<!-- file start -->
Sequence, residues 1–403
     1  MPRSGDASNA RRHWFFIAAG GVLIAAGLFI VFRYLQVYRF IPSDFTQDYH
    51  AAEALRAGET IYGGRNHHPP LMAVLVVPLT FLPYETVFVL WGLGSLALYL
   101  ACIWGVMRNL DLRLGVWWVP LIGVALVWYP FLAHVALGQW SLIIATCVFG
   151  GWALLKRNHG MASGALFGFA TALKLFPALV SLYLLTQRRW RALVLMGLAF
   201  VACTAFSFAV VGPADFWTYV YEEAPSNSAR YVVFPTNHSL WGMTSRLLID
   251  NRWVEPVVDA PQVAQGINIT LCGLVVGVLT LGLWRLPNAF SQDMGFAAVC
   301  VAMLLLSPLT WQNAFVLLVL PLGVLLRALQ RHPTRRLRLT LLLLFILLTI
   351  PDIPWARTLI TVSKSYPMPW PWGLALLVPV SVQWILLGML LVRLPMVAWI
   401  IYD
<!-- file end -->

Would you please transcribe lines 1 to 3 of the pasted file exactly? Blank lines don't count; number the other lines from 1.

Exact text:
Sequence, residues 1–403
     1  MPRSGDASNA RRHWFFIAAG GVLIAAGLFI VFRYLQVYRF IPSDFTQDYH
    51  AAEALRAGET IYGGRNHHPP LMAVLVVPLT FLPYETVFVL WGLGSLALYL